Roads within Death Valley National Park were expected to eventually become "impassable," the park said on Instagram, sharing photos that showed floodwaters flowing in. roads.
Floods from Tropical Storm Hilary cover a road in Death Valley National Park in Sunda.
The threat triggered California's first tropical storm warning, stretching from the southern state border all the way north to Los Angeles - presenting an "unprecedented weather event" for a city with "deep experience" in responding to natural disasters like wildfires and earthquakes, said Mayor Karen Bass. at a press conference.
“It is critical that Angelenos remain safe and at home unless otherwise directed by security authorities,” said Bass. “If you don't need to be on the road, please don't get in the car. Make sure your emergency kit and essential devices are close at hand. And make sure all your devices are charged in case of a life-threatening emergency.”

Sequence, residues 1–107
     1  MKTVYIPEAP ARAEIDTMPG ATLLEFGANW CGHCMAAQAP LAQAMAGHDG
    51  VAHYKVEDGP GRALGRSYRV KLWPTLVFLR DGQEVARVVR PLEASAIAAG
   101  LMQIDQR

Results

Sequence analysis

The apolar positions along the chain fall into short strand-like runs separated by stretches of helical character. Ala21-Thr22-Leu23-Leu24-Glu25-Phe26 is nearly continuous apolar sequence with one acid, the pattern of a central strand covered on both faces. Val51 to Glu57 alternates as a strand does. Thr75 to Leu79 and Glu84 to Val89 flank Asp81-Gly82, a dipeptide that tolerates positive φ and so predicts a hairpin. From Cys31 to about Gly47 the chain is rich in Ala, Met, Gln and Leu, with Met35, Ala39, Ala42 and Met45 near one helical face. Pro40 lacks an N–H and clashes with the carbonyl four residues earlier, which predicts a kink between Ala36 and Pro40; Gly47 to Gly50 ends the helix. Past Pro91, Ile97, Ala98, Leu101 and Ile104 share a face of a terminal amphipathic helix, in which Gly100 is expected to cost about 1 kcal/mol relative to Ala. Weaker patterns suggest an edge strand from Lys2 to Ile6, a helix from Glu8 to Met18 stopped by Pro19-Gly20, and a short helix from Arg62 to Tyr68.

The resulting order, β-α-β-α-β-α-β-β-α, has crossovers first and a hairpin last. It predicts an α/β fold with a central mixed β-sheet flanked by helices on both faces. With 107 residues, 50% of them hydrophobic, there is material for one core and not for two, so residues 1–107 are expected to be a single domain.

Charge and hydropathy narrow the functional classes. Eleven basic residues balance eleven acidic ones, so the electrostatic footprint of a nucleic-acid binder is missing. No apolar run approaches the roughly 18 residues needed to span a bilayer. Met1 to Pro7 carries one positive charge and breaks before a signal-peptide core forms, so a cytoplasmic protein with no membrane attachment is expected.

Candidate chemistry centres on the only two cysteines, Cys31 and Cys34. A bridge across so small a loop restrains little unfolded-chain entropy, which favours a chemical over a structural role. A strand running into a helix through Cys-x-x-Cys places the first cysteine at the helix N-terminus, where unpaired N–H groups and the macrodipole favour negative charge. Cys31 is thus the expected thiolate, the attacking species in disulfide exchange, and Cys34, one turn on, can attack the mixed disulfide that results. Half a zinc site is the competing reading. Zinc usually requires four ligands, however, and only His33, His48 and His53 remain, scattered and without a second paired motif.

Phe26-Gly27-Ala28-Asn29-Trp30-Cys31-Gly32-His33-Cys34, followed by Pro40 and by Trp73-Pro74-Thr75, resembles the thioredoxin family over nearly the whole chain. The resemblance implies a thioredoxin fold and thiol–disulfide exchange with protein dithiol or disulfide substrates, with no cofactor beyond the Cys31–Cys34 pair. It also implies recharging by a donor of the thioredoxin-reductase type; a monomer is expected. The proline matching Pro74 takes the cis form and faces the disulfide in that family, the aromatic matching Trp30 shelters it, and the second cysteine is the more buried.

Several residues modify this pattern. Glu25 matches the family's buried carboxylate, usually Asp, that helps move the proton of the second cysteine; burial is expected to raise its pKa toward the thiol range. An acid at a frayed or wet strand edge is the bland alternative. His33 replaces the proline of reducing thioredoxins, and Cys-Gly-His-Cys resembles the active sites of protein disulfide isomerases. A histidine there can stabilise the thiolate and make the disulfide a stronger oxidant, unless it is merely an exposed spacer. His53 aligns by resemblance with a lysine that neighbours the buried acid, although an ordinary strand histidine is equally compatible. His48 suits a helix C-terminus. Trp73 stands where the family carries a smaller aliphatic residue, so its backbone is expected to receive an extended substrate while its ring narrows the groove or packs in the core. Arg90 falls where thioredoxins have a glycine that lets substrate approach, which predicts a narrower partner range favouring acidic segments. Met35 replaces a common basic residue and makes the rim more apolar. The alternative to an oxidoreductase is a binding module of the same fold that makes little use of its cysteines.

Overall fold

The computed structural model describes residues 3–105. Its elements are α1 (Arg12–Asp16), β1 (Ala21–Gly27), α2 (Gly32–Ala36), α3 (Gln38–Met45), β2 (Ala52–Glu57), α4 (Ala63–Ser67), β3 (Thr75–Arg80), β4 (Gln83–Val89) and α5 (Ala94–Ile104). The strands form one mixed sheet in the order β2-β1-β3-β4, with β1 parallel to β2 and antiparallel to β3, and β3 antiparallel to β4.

Residents of Oak Glen, Forest Falls, Mountain Home Village, Angelus Oaks and Northeast Yucaipa communities in San Bernardino County were allordered to evacuateSaturday.
Visitors and some residents of Catalina Island, part of California's Channel Islands, were "strongly encouraged" to leave the island before the storm, in aPress releasefrom the city of Avalon.
Meanwhile, helicopters fromLos Angeles County Sheriff's Officewere flying over riverbed areas on Saturday afternoon, making announcements in both English and Spanish to alert homeless people to extreme weather.
Los Angeles opened three more emergency shelters on Sunday and provided transportation to help get more people to safety ahead of the storm — bringing the total number of emergency shelters open to eight.